5. bina edwards says

    ouch, that looks horrid and I can really appreciate Canada’s medical system, cus I can not imagine how much medical will cost you (when my son was in football he had to have an ambulance, C-scan and hospital stay, but luckily my work paid for the ambulance and everything else was covered by my government, even the private room) I hope you have a full recovery, eyes are something precious

  6. Wow! So sorry to hear about this. This is TERRIBLE! You may want to contact channel 12 and any other news channel that has consumer advocate segment…maybe if they do a story in it…it will embarrass the stadium/diamondbacks into helping with medical bills as well as really put out there to the public the danger. Did you check with an injury attorney…even though their ticket says that…perhaps you still have legal action. I would double check…but definately bring it to the forefront via channel 12…it is a heat wrenching story!

    • Thank you! I have spoken to a few attorneys, and did have one send a letter to the Arizona Diamondbacks on my behalf. Because the teams are so well protected, they do not carry medical liability insurance on the stadium. There have been many that have tried to take action against teams in the past, including when death has occurred, and the courts and juries always take the side of the teams. I was only looking to get my medical paid for, and the response was no.

      • then I would call channel 12 and have the action reporter do a segment….you may get a favorable response…if not from the Diamon.dbacks…hopefully the public

  7. Best wishes for a speedy recovery.

  8. Lady, you should have been paying attention. How do you not SEE a BAT flying your way? And how do you not duck? It’s a shame that you got hurt, but it’s no one’s fault but your own. You make it seem like the player deliberately threw the bat in your direction, but that’s not at all what happened, just an unfortunate accident, it slipped out of his hands — it happens A LOT. Next time keep your eyes on the game, or at the very least move out of the way — it’s a bat, not a blimp.

    • While I certainly appreciate your thoughts, I was not the only one that didn’t see it coming. NOBODY in my seating area saw it coming until it was already hitting me. I’m not trying to place blame, the very fact that you state that it happens A LOT is what needs to be changed. If it happens A LOT, then something needs to be done to protect the people that sit in those rather expensive seats from injuries as such as mine, or worse. The children that it went over to hit me would have BEEN KILLED, and it would have been preventable with a piece of plexiglass behind the dugout, just like they have up in hockey games due to flying pucks.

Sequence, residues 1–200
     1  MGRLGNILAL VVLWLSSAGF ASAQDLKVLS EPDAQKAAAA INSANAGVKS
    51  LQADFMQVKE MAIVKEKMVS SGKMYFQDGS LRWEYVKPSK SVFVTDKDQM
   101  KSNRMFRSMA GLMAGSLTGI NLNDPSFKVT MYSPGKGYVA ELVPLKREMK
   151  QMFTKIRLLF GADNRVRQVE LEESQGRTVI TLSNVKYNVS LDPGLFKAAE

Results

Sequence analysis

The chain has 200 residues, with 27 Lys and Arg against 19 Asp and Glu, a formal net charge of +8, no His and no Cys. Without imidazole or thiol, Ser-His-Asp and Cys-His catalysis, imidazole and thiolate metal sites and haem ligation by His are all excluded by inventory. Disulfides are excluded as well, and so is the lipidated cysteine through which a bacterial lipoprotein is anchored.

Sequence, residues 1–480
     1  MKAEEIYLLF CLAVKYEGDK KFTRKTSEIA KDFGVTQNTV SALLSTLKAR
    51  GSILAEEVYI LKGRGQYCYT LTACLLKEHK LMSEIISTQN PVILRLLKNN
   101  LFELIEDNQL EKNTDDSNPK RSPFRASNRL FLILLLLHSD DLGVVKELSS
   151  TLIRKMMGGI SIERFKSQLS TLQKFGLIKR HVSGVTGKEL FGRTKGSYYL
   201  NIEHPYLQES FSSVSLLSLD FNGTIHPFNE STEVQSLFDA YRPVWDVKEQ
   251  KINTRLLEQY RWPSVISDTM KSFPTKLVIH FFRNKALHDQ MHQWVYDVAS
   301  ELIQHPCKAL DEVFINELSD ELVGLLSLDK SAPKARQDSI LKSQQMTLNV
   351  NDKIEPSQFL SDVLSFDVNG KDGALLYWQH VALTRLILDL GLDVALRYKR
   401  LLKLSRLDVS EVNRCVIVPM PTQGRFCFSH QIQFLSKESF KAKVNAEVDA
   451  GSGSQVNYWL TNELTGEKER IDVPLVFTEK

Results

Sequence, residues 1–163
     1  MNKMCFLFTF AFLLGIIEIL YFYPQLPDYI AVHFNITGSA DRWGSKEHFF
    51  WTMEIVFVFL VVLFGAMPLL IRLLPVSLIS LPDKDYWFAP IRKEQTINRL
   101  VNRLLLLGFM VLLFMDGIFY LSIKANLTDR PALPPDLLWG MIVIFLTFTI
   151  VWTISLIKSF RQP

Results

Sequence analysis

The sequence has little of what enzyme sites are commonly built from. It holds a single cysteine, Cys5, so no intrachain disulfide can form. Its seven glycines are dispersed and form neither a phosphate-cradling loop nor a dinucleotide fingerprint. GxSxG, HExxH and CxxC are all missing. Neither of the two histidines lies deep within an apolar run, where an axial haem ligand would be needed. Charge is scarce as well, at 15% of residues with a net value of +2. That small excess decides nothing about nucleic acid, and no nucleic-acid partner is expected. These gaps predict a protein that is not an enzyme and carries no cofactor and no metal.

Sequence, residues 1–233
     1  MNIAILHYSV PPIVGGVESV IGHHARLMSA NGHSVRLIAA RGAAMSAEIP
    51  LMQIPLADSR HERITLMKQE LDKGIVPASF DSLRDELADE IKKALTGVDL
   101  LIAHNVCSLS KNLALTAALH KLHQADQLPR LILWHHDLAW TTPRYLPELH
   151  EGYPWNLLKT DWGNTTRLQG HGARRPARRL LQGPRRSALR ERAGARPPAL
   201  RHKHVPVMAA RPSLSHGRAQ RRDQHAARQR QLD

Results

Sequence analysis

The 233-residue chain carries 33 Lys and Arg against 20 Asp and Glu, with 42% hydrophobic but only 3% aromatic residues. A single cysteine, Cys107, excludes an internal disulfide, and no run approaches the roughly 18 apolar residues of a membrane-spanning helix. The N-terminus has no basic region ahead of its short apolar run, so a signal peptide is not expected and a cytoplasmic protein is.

• But u r blaming the player by always stating he threw the bat. Which in fact he didn’t, it slipped from his hands! It was a freak accident! And accidents are unpreventable, hence why its called n accident. I’m sorry u got hurt but this is all nonsense. Don’t go to a game if u don’t know the risks, which are posted and repeatedly announced! Oh and the fact u have lawyers also means u r placing blame! Hate to say it, its wasted time! U should focus on recovering!

  9. Jenene Koshiol says

    I am so sorry that all of this has happened to you. I agree with everything you have written! This should NOT have happened and we all know they make enough to take care of your medical bills! Prayers as usual dear! Keep your head up 😉 You ARE an inspiration! <3

  10. As a season ticket holder, I can tell you that not only are there warnings posted numerous places throughout the ballpark that you are at risk of being hit as well as an annoucement over the intercom. You are given the option to change seats if you do not want to take on those risks. I am sorry for the inujuries you occured, but I would never assume anybody else is,responsible for injuries anywhere ex,ept for myself. Especially when warnings are. posted. It is nobody’s fault besides your own that you don’t have insurance. Baseball has been running the same way for a century.